Wednesday, March 18, 2009

Guest Posting By Rabbi Ozer Bergman - How To Learn Likutey Moharan

(Picture courtesy of breslovkollelonline.com)

How do I learn thee? Let me count the ways.

Reb Shlomo Freifeld z"l once told me, "You have to learn Likutey Moharan [amplify voice here] like a Tosfos!"

You can learn it as a musar sefer (the musar of Likutey Moharan would make you cry, said Rebbe Nachman zal; that's why you have to turn the lessons into prayers; Rebbe Nachman's Wisdom #196 [end]). This can also be called a Likutey Tefilot-style, turning the lesson into a prayer..

You can learn it as a kabbalah sefer: kvetch my sefer any way you will, but don't budge [in your behavior] from even the smallest paragraph of Shulchan Arukh! (The compiler of Ein Yaakov, the collected aggadatot of Talmud Bavli, writes something similar in his introduction, namely [I'm paraphrasing here], any interpretation is valid so long as one's intention is to improve his yirat Shemaym and this borne out by his subsequent behavior.)

You can learn it segulah*-style, just reading the words, without even knowing what they mean, just knowing that its words are holy and having a positive impact on you, and on the entire world.

You can learn it in any of Reb Noson's styles: Kitzur Likutey Moharan summary-style; Likutey Eitzot (Advice) i.e., by topic-style; Likutey Halakhot, in-depth, inter-laden with all you know from every and any area of Torah-style.

You can learn it as if Rebbe Nachman z”l himself was there teaching it, whether as your rebbe or as “one of the great tzaddikim of all-time.”

You can learn it with the intention: This contains not just information and ideas. This sefer is a fountain of emunah, yirat Shamayim, kedushah and taharah. I want all of those, in as full a measure as I can now receive them.

But whatever you do—learn it!

*A segulah is a thing or practice that in some mysterious way helps us, even though we may be clueless as to how it works.

© Copyright 2009 Breslov Research Institute

10 Comments:

At March 18, 2009 at 4:54:00 AM EDT, Anonymous steve mcqueen said...

How do you start? Let's say you want to learn it in ivrit, but do not have the resources to buy all the volumes at once. What should you purchase, and what you start with? Assume a reasonable familiarity with R Nachman and some of his other works

Thanks

 
At March 18, 2009 at 5:57:00 AM EDT, Blogger Ploni Almoni said...

In lashon hakodesh it's usually printed in just one volume, unless it's printed with certain modern commentaries.

 
At March 18, 2009 at 9:06:00 AM EDT, Anonymous Anonymous said...

i started to learn Likutey Moharan by listening to the shuiurim by Rav Nosson Miamon online and they are great. I can not explain how wonderful they really are. the problem i am having is since most of the torah's are long each one is made up of 5 or 6 shuiurim. i find that by the time i get to the later parts of the torah's i am burnt out and want to start a new one. any advise as how to keep my excitement and attentiveness throughout a very long torah. or maybe another way to successfully learn this sefer. it is a sefer i don't want to give up. any advise is helpful .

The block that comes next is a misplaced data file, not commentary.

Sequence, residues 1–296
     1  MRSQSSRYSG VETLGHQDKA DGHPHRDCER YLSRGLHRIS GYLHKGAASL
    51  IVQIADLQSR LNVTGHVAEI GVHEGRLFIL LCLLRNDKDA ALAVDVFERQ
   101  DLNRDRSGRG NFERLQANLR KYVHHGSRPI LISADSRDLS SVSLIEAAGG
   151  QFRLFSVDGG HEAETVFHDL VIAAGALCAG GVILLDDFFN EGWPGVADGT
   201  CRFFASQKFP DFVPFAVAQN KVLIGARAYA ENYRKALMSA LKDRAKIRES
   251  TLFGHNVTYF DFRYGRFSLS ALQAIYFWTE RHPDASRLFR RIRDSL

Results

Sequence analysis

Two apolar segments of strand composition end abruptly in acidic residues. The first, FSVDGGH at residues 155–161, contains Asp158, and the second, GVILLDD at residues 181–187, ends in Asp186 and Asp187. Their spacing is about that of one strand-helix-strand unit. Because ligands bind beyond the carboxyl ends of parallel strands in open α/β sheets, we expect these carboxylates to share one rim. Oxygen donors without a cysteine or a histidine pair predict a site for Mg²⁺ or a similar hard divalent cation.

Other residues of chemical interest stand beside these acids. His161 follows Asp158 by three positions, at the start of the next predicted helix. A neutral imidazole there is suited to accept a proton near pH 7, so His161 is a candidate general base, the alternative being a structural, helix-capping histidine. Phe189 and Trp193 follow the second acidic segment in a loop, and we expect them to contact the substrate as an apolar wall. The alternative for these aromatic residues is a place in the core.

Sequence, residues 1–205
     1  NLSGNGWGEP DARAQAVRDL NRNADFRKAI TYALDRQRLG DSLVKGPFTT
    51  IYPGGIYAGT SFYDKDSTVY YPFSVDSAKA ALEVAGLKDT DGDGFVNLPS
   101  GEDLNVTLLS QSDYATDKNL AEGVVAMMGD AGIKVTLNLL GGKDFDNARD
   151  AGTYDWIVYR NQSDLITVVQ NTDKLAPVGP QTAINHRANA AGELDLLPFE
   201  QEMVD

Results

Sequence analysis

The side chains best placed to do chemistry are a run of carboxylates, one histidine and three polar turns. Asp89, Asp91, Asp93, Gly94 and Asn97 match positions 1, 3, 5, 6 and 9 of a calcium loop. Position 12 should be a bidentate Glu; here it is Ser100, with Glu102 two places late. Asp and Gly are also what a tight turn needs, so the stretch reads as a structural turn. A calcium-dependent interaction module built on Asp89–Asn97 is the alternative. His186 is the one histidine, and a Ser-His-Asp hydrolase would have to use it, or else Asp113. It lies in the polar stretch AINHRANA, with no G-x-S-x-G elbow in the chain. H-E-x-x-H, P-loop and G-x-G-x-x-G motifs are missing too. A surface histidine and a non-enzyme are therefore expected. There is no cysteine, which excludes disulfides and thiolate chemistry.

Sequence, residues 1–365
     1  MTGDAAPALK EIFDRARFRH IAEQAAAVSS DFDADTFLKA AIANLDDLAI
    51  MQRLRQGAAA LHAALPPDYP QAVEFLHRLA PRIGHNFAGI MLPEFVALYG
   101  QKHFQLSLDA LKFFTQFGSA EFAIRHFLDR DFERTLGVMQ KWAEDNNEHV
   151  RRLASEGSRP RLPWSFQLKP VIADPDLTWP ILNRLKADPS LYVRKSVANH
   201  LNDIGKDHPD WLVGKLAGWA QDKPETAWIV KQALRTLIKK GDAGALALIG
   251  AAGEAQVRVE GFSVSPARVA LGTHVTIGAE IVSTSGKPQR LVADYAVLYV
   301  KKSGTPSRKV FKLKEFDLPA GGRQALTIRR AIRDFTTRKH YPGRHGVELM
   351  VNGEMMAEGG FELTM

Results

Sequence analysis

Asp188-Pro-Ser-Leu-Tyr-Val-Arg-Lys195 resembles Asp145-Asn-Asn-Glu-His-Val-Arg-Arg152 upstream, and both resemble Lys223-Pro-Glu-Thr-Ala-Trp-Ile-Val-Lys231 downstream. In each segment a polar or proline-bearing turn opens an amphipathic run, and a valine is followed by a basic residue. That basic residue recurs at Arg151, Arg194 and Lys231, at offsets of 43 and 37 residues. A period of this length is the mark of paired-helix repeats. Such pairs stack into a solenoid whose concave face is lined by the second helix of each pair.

thanks

 
At March 18, 2009 at 9:10:00 AM EDT, Blogger A Simple Jew said...

Join me Thursday night for Rabbi Avraham Bloomenstiel's Likutey Moharan shiur here.

 
At March 18, 2009 at 11:31:00 AM EDT, Anonymous steve mcqueen said...

are the shiurim available afterwards for download?

 
At March 18, 2009 at 12:04:00 PM EDT, Blogger A Simple Jew said...

Not to my knowledge. We are now up to Likutey Moharan #4

 
At March 18, 2009 at 4:02:00 PM EDT, Anonymous Micha Golshevsky said...

Rabbi Bergman: Great post!

 
At March 18, 2009 at 4:49:00 PM EDT, Blogger tea mad hatter said...

if memory serves me correctly there is a introduction in the translated series by the breslov institute (R Kramer) that gives some advise as to a style of learning LM. i try to follow it, and i find it works well for me. if im off the mark, from the advice they give, please forgive me, but this still works for me.
rush through the lesson, try to go over it very fast, and dont worry about the gritties. then go back over it. repeat! but each time, go through it more slowly and in depth. the annotations that R Kramer adds are INCREDIBLE, and they unlock the work. i will only start looking at the annotations and going in more depth after maybe my 4th or 5th run, depending on the length of the lesson. this way you get the general string off thought, all the concepts, and the equation on a macro level. after which you fill in the detail.
i find nothing as gratifying as getting a lesson (sort of) under the belt. a bit like swallowing a beach ball.

 
At March 18, 2009 at 4:54:00 PM EDT, Anonymous yossik@breslov.org said...

The Breslov Reseach Institute has a section of their website devoted to this question, visit:
http://www.breslov.org/bookshelf/study/

 
At March 19, 2009 at 3:39:00 PM EDT, Blogger Izbitza said...

I like to learn a piece, and then look at the meforshim, then the likutei halachos that it connects to, then the tefillos,
then tcherner rav's seforim...

on a certain level, I'm still learning the first torah. the Tcherner Rav's Nachas Hashulchan- showing how torah 1 connects to every siman in shulchan aruch- makes that happen.

 

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